January 2016 Diaspora remittances to Kenya hit Sh13.9bn

March 7, 2016
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Inflows in January 2016 were 2.6 percent higher than in December 2015/FILE
Inflows in January 2016 were 2.6 percent higher than in December 2015/FILE
NAIROBI, Kenya, Mar 7 – Diaspora remittances to Kenya in the month of January 2016 increased by 19.9 percent to Sh13.9 billion compared to Sh11.6 billion recorded in January 2015.

Inflows in January 2016 were 2.6 percent higher than in December 2015.

The 12-month average flow to January 2016 sustained an upward trend to reach Sh13.2 billion from Sh12 billion during the same period in 2015.

The rest of the world, though accounting for the least amount by volume and market share, contributed most of the increase in remittances inflows in January 2016, and fully offset the decline recorded from North America and Europe.

The rest of the world contributed 24 percent of the remittances in the period under review while North America was the most contributor at 46 percent. Europe contributed 29 percent.

The Central Bank of Kenya conducts a survey on remittance inflows every month through formal channels that include commercial banks and other authorised international remittance service providers in Kenya.

Kenya was the fourth highest recipient of remittances in 2015 in sub-Saharan Africa, receiving $1.6 billion (Sh163.7 billion), which is a growth of 16.6 percent from the previous year.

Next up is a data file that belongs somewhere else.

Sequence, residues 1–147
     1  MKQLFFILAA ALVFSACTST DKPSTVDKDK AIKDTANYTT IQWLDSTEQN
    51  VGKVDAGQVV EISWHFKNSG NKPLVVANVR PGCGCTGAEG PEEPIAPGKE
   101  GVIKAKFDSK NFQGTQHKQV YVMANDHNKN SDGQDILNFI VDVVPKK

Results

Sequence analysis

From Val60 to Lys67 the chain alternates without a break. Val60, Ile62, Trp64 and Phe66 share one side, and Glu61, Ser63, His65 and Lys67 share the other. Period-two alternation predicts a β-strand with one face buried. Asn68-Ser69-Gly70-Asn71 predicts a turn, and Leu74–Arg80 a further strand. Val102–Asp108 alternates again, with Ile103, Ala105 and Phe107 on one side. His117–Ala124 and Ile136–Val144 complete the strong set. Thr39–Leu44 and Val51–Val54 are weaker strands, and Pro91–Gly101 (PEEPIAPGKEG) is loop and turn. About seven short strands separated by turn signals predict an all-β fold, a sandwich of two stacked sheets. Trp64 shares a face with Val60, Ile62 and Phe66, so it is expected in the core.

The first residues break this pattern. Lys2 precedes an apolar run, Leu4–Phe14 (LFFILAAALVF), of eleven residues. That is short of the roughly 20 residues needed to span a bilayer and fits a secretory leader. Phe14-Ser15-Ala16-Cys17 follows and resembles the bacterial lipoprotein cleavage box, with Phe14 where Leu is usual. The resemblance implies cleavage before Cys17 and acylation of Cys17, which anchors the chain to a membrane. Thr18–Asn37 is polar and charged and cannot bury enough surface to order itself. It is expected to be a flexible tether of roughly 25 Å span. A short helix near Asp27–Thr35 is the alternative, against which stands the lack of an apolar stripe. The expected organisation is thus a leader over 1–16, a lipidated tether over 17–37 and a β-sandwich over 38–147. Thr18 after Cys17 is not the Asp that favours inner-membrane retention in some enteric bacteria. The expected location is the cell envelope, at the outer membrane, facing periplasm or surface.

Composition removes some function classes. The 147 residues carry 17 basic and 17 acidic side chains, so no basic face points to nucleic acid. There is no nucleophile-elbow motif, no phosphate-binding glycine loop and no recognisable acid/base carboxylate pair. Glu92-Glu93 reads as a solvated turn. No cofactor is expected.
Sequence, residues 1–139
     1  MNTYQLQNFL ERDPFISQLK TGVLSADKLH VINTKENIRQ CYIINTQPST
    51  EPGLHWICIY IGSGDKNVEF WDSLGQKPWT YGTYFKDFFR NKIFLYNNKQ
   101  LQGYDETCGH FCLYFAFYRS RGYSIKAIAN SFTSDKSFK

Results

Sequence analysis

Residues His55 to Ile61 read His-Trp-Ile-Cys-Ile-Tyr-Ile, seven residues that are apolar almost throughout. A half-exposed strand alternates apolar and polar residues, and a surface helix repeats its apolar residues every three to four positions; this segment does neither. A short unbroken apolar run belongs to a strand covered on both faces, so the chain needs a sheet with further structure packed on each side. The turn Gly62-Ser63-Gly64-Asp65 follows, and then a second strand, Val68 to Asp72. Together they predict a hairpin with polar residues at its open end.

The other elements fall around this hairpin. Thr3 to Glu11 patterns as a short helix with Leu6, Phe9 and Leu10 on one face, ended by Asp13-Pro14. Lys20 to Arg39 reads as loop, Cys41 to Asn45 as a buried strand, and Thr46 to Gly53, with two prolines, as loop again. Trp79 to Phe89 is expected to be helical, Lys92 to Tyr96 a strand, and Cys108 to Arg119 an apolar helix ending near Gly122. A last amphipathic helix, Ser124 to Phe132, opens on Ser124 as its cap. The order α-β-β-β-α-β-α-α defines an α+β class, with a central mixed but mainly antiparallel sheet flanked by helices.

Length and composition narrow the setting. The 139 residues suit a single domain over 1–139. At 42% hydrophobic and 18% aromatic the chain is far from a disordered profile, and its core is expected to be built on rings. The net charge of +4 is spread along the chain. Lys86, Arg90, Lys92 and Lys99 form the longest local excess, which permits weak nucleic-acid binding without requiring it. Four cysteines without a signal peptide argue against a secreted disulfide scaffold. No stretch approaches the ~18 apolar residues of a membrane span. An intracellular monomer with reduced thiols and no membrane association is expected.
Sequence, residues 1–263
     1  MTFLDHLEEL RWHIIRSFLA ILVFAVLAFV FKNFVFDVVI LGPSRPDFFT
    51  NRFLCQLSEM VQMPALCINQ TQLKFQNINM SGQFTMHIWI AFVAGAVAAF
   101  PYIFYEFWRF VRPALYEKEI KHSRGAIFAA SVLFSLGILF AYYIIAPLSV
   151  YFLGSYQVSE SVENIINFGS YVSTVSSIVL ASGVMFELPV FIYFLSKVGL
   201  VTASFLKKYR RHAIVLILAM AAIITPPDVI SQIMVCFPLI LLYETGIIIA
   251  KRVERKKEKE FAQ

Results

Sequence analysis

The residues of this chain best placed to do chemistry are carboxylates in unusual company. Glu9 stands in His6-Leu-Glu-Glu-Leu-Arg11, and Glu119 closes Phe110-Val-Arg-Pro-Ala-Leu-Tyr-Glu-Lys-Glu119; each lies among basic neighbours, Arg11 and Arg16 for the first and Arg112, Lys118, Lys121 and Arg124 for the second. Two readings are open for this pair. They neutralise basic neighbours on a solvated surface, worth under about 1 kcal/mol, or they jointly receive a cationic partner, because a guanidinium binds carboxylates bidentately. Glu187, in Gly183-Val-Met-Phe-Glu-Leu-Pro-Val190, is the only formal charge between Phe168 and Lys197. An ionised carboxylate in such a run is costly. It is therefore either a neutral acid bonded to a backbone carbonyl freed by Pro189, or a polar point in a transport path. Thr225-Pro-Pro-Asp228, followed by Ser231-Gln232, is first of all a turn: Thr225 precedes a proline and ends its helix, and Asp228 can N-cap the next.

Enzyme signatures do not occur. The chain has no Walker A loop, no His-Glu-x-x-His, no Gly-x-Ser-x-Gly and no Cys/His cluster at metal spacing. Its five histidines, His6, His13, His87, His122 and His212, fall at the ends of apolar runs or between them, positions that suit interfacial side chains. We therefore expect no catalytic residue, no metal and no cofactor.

This is according to World Bank’s Migration and Remittances Factbook 2016.

The report states that Kenya fell behind Nigeria that received $20.8 billion, Ghana $2 billion and Senegal at $1.6 billion.

The country was also among the top 10 remittance senders in 2015, sending about $200 million (Sh20.4 billion), falling behind Angola ($l.3billion), South Africa ($1.1billion), Liberia ($O.4billion), Uganda ($0.3billion), Mozambique ($0.2billion), Mauritania ($0.2billion).

In 2015, the top recipient countries of recorded remittances were India, China, the Philippines, Mexico, and France.

Worldwide remittance flows in the year under review are estimated to have exceeded $601 billion.

Of that amount, developing countries are estimated to receive about $441billion, nearly three times the amount of official development assistance.

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